For a team desperate for some consistency on its blueline, Jake Muzzin is now a long-term member of the Toronto Maple Leafs. The veteran rearguard has signed a four-year extension with the Leafs, with an annual cap hit of $5.625 million.
Muzzin has given Toronto a lot of valuable minutes during an up-and-down season and the physical dimension to his game is something the team otherwise lacks on the back end. He’s also more of a defense-first guy, though he does have a respectable 22 points on the season for Toronto.
At 30 years old, Muzzin is officially looking at the back half of his career now, but that’s not to say he’ll be finished anytime soon. Four years is a good length for a player who should be effective for the duration of the contract or, at worst, perhaps the final year features a drop-off. Otherwise, the Leafs have locked up a top-four veteran who has provided stability and leadership.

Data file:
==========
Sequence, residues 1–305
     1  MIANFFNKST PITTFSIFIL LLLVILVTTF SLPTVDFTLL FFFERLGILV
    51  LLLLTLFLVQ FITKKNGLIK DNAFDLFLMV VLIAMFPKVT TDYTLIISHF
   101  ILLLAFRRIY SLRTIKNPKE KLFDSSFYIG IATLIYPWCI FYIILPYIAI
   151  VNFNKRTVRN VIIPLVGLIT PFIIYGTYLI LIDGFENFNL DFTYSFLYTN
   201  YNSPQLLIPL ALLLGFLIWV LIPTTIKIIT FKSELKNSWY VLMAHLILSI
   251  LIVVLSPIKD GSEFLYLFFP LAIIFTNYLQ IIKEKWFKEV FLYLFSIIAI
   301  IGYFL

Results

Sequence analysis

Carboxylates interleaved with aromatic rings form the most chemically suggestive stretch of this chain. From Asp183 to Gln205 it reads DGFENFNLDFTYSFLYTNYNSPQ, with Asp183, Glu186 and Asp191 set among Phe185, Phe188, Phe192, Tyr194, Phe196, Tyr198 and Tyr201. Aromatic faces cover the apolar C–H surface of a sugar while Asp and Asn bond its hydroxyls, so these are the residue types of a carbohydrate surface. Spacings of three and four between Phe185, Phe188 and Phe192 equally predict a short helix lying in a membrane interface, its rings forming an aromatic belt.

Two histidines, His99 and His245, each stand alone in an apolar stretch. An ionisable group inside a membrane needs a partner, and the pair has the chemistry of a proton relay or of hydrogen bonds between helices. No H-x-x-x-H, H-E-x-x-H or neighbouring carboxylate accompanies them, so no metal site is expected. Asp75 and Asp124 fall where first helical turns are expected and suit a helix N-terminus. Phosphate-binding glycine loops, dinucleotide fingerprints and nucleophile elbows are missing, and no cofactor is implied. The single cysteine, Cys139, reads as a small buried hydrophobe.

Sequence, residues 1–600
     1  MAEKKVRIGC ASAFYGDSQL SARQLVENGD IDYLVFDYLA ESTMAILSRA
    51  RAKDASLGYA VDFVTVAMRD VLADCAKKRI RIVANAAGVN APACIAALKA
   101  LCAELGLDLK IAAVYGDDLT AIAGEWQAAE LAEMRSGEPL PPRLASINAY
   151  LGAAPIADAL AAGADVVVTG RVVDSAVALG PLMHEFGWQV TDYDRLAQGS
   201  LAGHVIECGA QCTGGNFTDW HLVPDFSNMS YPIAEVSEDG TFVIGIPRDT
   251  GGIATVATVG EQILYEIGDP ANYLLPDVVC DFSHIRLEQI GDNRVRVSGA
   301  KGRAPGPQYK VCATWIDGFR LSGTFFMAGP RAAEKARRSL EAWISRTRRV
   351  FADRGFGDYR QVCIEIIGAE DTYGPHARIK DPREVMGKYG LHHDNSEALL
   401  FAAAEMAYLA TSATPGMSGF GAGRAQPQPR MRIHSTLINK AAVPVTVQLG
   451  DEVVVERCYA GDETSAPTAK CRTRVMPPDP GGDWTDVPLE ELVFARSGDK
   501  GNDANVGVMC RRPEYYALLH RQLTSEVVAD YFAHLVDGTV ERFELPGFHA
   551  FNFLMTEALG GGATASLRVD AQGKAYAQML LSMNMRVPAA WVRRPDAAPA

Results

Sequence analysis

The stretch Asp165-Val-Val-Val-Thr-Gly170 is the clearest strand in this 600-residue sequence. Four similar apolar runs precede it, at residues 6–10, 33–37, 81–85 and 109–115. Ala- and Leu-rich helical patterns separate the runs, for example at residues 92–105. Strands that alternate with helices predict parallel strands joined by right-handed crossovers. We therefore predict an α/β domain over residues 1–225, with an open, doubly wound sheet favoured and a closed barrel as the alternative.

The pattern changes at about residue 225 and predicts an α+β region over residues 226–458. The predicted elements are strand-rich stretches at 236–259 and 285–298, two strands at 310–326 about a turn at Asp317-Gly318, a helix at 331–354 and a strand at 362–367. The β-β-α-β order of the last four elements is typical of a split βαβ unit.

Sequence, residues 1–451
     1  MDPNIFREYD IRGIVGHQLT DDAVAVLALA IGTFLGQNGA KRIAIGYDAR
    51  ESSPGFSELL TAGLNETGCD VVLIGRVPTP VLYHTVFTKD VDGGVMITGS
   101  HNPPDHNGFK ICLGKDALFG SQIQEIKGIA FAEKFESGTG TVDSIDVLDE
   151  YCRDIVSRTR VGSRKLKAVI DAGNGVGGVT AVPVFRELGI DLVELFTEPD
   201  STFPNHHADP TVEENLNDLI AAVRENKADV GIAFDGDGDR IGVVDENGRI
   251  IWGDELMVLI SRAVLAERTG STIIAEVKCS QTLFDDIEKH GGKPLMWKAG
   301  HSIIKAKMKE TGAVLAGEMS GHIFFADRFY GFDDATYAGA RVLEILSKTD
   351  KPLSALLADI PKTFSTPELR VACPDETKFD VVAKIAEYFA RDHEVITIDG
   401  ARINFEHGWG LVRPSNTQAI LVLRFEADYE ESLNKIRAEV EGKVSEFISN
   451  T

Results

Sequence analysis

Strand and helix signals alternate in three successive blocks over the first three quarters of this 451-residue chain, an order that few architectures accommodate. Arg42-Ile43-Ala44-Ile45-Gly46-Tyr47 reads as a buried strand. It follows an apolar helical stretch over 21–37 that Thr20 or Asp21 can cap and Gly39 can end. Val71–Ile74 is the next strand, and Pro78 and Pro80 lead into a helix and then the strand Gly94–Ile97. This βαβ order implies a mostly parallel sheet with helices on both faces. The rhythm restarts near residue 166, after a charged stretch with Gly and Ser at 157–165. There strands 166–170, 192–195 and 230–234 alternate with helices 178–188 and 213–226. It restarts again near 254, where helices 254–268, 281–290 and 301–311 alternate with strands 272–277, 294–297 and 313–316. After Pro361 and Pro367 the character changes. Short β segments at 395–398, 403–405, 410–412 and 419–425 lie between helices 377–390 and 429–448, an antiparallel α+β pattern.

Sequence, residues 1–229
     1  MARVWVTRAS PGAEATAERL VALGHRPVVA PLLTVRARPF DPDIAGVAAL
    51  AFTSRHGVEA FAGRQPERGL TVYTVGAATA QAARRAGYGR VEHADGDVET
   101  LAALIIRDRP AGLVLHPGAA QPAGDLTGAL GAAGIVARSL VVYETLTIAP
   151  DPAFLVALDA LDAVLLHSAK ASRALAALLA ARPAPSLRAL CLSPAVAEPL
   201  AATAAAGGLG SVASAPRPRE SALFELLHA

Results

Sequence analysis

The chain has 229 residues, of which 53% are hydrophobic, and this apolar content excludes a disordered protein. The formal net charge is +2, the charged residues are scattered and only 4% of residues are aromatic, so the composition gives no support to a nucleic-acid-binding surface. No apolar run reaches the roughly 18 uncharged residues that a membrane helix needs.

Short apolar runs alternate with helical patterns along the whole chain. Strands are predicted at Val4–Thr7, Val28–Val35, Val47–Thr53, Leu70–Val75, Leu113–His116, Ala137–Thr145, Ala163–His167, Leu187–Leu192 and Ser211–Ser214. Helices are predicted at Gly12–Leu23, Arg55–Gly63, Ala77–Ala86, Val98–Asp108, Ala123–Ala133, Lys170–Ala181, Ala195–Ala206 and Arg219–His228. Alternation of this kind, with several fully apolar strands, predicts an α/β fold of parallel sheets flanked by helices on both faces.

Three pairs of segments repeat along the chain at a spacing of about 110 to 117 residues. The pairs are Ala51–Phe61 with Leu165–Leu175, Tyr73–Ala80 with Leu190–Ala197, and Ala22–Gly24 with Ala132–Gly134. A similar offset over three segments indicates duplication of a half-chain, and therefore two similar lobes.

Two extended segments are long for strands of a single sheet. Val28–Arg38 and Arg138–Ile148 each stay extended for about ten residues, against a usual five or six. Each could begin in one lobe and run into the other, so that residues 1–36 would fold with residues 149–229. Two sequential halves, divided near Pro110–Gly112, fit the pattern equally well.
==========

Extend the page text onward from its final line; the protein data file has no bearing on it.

Now, in the short-term, Muzzin’s two Stanley Cups from his Los Angeles days will only go so far, since Toronto is in a life-and-death struggle just to make the post-season, let alone win a round against the likes of Boston, Tampa Bay or Pittsburgh. Having said that, the Leafs at least now have some security for next season, when they undoubtedly will have higher expectations and a new-look blueline in an attempt to finally make a run through the Eastern Conference.
Peering ahead, the Leafs will have Muzzin, Morgan Rielly, Rasmus Sandin, Timothy Liljegren, Travis Dermott and Justin Holl as a starting point for their ‘D’ corps, but another top-four guy (perhaps even top-pairing guy if you’re aiming high) would be necessary if they’re serious about joining the true contenders in the Atlantic Division. Growth from Sandin, Dermott and Liljegren would help, too.
Take away Cody Ceci’s $4.5 million cap hit and add Muzzin’s $1.6 million raise and GM Kyle Dubas has at least a little more flexibility heading into the summer – assuming some other big trades don’t happen in the off-season. Toronto didn’t move Tyson Barrie and the Maple Leafs were caught in a bit of no-man’s land at the trade deadline, but locking down Muzzin was a positive step.
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